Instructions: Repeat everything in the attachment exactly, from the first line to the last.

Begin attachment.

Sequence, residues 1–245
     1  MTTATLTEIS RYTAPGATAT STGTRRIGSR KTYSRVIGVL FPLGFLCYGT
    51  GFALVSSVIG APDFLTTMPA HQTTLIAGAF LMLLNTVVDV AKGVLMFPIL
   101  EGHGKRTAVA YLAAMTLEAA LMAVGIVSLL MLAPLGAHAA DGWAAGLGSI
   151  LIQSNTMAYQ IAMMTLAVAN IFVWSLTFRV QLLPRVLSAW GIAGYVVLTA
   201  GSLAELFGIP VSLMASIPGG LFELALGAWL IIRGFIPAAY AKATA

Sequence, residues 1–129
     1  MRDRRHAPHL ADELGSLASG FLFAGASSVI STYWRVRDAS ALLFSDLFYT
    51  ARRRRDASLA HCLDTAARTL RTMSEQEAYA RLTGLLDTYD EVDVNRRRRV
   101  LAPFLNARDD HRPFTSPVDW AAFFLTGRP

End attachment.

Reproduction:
Sequence, residues 1–245
     1  MTTATLTEIS RYTAPGATAT STGTRRIGSR KTYSRVIGVL FPLGFLCYGT
    51  GFALVSSVIG APDFLTTMPA HQTTLIAGAF LMLLNTVVDV AKGVLMFPIL
   101  EGHGKRTAVA YLAAMTLEAA LMAVGIVSLL MLAPLGAHAA DGWAAGLGSI
   151  LIQSNTMAYQ IAMMTLAVAN IFVWSLTFRV QLLPRVLSAW GIAGYVVLTA
   201  GSLAELFGIP VSLMASIPGG LFELALGAWL IIRGFIPAAY AKATA

Sequence, residues 1–129
     1  MRDRRHAPHL ADELGSLASG FLFAGASSVI STYWRVRDAS ALLFSDLFYT
    51  ARRRRDASLA HCLDTAARTL RTMSEQEAYA RLTGLLDTYD EVDVNRRRRV
   101  LAPFLNARDD HRPFTSPVDW AAFFLTGRP